Design of the Assembly Systems for Airplane Structures

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Yurdakul M., Iç Y. T. , Çelek O. E.

in: Design Engineering and Science, Nam Pyo Suh,Miguel Cavique,Joseph Timothy Foley, Editor, Springer, London/Berlin , Heidelberg, pp.521-541, 2021

  • Publication Type: Book Chapter / Chapter TextBook
  • Publication Date: 2021
  • Publisher: Springer, London/Berlin 
  • City: Heidelberg
  • Page Numbers: pp.521-541
  • Editors: Nam Pyo Suh,Miguel Cavique,Joseph Timothy Foley, Editor
  • Gazi University Affiliated: Yes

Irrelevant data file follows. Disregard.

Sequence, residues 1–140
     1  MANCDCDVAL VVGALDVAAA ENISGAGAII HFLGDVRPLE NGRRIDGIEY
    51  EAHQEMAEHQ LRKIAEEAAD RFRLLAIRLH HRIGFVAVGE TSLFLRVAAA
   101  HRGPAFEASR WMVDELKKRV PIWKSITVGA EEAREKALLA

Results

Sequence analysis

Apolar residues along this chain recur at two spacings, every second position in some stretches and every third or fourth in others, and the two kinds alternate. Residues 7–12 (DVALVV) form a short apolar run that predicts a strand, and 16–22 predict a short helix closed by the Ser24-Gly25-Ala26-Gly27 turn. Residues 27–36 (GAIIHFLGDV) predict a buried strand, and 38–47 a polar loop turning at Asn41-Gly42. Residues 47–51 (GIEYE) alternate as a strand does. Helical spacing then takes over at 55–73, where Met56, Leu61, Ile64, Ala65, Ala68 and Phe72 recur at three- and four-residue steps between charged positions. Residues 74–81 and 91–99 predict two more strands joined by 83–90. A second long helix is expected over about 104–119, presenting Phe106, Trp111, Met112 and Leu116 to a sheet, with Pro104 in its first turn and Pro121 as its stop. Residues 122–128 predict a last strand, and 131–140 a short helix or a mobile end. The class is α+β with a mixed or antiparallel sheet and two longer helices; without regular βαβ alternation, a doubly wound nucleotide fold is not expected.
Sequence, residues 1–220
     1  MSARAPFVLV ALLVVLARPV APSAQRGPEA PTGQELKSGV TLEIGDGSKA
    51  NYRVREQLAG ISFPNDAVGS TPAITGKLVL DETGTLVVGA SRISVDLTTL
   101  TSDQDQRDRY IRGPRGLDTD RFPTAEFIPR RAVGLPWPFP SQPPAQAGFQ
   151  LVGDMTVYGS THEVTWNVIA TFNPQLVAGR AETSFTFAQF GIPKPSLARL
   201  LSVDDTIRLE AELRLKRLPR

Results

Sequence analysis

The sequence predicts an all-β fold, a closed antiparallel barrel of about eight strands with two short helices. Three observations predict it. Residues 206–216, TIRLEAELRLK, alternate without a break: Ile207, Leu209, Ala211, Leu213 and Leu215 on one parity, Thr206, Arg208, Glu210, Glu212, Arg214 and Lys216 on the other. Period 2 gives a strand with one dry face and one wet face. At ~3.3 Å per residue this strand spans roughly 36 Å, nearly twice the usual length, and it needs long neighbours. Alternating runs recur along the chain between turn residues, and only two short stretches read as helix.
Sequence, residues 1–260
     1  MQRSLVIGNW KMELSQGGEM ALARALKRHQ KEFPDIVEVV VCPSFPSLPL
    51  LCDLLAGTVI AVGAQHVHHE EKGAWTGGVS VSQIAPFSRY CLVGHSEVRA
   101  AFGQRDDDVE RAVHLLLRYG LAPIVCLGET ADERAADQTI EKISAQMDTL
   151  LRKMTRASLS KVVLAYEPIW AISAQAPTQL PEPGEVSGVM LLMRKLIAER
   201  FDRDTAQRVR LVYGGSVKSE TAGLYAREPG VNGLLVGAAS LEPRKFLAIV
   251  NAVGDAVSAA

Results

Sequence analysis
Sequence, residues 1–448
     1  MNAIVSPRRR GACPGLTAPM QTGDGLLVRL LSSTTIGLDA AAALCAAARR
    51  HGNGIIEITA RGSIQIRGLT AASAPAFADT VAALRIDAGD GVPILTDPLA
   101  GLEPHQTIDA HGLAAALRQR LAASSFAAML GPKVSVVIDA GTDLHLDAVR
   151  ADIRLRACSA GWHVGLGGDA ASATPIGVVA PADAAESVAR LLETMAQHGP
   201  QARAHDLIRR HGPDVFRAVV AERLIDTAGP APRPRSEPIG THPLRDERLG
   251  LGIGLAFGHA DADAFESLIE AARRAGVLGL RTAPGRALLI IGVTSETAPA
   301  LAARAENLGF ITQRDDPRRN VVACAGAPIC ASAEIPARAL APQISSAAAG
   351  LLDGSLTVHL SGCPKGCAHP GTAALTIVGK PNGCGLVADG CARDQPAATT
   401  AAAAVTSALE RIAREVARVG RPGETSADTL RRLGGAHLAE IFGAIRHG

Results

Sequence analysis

This chapter deals with the design of automated assembly systems of airplanes. Axiomatic Design (AD) methodology is used to develop a general design hierarchical tree for the assembly of an airplane fuselage panel. Introduction of new and advanced machinery and assembly equipment in material handling, measurement, robotics, plant modeling and simulation, manufacturing processes require the usage of systematic methodologies for the design of assembly systems. In this chapter, multiple alternative design solutions are demonstrated from the general hierarchical tree, which are compared for their acceptability in satisfying various factory objectives. In two case studies presented in this chapter, design solutions are obtained and described in detail. The first assembly system alternative consists of the following: (1) an automated laser tracking measurement system, (2) reconfigurable fixtures for fixing the panels, (3) frame clip riveters in frame assembly cells, (4) 3D projection devices to control the position of the fastener on the panels, (5) autonomous mobile robots for material handling, and (6) automatic riveting machines for the final fuselage panel assembly. The second assembly system alternative includes the following: (1) robotic measurement systems, (2) robotic stringer placement robots for stringer positioning, (3) reconfigurable fixtures for holding the panels, (4) frame clip robots to assemble clips to frames, (5) 3D projection devices for fastener position controls on the panels, (6) modular crane for material handling, and (7) mobile automated drilling and fastening robots for final fuselage panel assembly. These two alternative designs are compared, and results are made available for system designers to assess the capabilities of each alternative. The application of the proposed design methodology provides a reference guide for system designers to apply in designing assembly systems in an aerospace assembly factory.